Friday, September 14, 2012

The Art of the Playlist.

I am somewhat of an audiophile.  I have a very large stash of music that moves me.  Now, that does not mean that I have all the hits of today.  Frankly, I'm a little disappointed in the vast majority of popular music these days.  I like complicated, intricate composition that makes goosebumps appear on my skin or tears to well up in my eyes the music is that good.  I feel like music should invoke an emotion when you hear it.  If Bieber does that for you, more power to you, but then this post is probably not something you'll understand.

Witty lyrics are a big thing for me.  Their lyrics made me an instant fan of Fall Out Boy and Panic at the Disco.

But what I really love is instrumental music.  About half of the music I own is either classical or movie scores.  It is the music in a movie or show that has a major hand in setting the tone.  I would love to have a feature where I could turn off the music in the background of any move so I could demonstrate this point.   I like that when I hear certain parts of music, my imagination just runs wild. It helps me tell stories. I am a storyteller after all, all be it, not a very successful one monetarily speaking.

The storyteller thing brings me to my quirks about playlists.  I am NOT a fan of the shuffle. Especially when it comes to movie scores.  They're in an order for a reason. Leave them that way.  When I find myself making a list that goes with a story in my head or a tabletop RPG I'm playing in or, on the rare occasion, running, you will find me sitting at Titan (my desktop), pouring through music I know will fit the genre.  Husband the Great gets it, but at the same time, does not understand how I can remember hundreds or pieces of music to know which ones will work and which ones won't.  It's as simple as: Truly wonderful music sticks with you. Stuff that gets my attention always gets filed away in the back of my brain.  I imagine this would be the mark of a good movie trailer producer.

Anyhow, here's how it works for me:

1. What genre are you going for?

There are some obvious ones like Star Wars where you already know there are plenty of songs for it.  But it all depends on the mood you're going for.  Something supposed to be scary?  Look for haunting music that would make you sorry to venture into a dark room alone.  Running a Superhero game? Go for the epic music full of horn section that makes you want to pose like superman.  Try and think of movies or tv shows that make you think of the genre and see if you can't hunt down the music from it. I do a lot of hunting. I've even gotten into finding the music from trailer production companies.

2. Get a nice large selection

If you only have about 10 songs on your playlist,  you will tire of it quickly.

3. Check for a good transition.

Once I've pulled all the music I think I'm going to use for the playlist,  I put them in an order I think will go well, will tell its own story, and then I hit play.  BUT,  I only listen to the first 15 seconds of the start song before I fast forward to the last 20 seconds or so and listen as it rolls on into the next song on the list.  If the transition is to jarring,  I do some rearranging.  This is the most time consuming part for me, and perhaps seems the most crazy to the outsider looking in.  I started doing this because more than once I would be listing to just a pile of songs I knew I liked and I would be working along on whatever I was writing or talking about and then BAM, the next song was so off from the last one that I would lose concentration.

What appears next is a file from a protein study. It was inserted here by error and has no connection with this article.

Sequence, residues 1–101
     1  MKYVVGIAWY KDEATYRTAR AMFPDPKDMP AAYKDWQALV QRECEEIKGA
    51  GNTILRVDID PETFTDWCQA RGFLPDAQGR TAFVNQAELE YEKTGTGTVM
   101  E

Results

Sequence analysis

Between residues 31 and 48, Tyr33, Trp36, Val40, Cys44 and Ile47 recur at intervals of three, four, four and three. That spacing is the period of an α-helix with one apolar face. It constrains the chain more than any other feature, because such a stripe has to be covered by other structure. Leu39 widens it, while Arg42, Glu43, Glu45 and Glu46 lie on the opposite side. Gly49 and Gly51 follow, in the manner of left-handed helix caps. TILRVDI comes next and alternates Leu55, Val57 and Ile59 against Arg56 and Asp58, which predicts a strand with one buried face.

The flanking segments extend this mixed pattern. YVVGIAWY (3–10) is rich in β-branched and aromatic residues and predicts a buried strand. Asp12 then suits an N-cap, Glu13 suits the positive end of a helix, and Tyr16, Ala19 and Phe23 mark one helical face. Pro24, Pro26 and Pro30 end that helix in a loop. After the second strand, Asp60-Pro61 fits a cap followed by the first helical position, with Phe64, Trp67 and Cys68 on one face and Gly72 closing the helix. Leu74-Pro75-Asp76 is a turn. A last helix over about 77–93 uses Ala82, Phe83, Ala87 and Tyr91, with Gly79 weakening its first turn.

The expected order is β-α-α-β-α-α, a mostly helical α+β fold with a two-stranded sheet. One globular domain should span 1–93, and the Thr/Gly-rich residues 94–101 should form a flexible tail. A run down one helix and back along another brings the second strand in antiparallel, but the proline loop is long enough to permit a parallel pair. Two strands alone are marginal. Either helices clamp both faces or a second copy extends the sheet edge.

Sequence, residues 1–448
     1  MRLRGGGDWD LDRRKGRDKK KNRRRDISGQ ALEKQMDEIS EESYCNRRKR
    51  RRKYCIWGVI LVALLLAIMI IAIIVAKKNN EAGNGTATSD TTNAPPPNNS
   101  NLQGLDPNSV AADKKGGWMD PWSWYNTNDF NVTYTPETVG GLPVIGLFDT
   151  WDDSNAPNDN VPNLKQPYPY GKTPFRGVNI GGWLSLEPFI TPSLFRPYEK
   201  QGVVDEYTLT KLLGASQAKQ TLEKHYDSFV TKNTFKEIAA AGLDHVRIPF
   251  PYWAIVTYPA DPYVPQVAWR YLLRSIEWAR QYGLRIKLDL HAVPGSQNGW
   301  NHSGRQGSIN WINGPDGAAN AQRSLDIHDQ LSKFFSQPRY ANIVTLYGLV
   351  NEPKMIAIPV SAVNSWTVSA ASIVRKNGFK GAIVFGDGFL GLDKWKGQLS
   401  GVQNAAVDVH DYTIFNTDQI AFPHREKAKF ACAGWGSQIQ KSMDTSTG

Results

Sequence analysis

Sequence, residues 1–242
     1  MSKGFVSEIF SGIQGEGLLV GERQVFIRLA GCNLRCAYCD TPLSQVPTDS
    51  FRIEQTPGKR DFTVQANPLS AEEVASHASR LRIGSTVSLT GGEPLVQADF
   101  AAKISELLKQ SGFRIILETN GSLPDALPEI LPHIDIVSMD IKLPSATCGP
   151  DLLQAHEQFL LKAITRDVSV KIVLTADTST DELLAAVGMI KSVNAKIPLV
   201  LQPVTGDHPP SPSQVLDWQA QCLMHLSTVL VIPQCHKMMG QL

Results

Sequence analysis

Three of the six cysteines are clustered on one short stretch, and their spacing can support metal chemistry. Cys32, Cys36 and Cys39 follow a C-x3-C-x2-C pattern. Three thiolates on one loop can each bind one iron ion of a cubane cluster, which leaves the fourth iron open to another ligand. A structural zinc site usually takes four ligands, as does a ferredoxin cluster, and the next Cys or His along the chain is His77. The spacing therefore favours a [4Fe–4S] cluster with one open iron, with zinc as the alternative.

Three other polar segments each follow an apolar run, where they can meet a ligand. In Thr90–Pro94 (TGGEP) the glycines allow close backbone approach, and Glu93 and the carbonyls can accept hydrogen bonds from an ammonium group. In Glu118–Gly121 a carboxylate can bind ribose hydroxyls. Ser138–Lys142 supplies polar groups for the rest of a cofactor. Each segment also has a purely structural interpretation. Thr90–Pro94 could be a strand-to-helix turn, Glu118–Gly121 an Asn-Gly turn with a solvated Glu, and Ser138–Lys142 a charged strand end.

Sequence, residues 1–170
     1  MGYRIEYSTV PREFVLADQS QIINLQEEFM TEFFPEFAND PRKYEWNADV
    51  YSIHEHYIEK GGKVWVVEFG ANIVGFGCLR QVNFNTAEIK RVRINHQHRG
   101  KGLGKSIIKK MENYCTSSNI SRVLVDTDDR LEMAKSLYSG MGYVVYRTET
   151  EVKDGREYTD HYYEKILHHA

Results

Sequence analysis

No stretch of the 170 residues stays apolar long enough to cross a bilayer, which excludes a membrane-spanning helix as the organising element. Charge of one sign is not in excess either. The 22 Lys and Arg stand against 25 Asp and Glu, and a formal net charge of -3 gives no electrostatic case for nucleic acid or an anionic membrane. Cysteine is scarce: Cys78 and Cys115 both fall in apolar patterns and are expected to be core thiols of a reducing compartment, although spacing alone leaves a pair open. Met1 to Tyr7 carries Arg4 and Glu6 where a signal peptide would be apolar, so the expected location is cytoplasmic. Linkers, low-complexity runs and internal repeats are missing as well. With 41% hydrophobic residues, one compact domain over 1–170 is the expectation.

4. Stay away from shuffle or random.

Again, this is a little bit of the jarring transition thing in number three, but it also speaks to the idea that no computer or mp3 player has figured out that random does not mean play the same ten songs out of the entire play list over and over again in a random order. Once I find the device that will actually shuffle the songs and not play the same song over until every other song on the list has been play, then I will finally use the shuffle button.*

That's really all I have to say on it.  And, this is all just my way of doing it.  You're not wrong for doing it your way, this is just my insight for having done it quite a bit.

Though, if you're just getting into movie/tv scores,  here are some of my favorite composers right now.

Bear McCreary - He composed everything for the re-imagined Battlestar Galactica, Human Target, The Walking Dead, The Cape, several video games, and I'm sure plenty of other stuff I can't think of.

Two Steps From Hell - They are a commercial music production company, they do a lot of the epic music you hear in movie trailers (fun little fact, most of the music you hear in the trailers for movies aren't actually in the movies at all). They only started selling to the public a few years ago, but they are amazing. You can find their stuff on

Hans Zimmer - Inception, the Nolan run of Batman movies, some of the Pirates of the Caribbean movies.

Danny Elfman - Excellent for anything haunting.  Batman and Batman Returns.  Just about anything Tim Burton puts his hands on.

John Williams - Star Wars, Indiana Jones, the first two Harry Potter films.  He's a master, however, he can be quite repetitive.

Alexandre Desplat - The final two Harry Potter films.

And there are many, many more. As I said, half my collection is instrumental.  Go forth and enjoy!

*I do use shuffle for my jukebox mixes. Like all 40's or 50's standards.  That's about the only time I find it useful and I generally only listen to those lists when I'm cleaning house.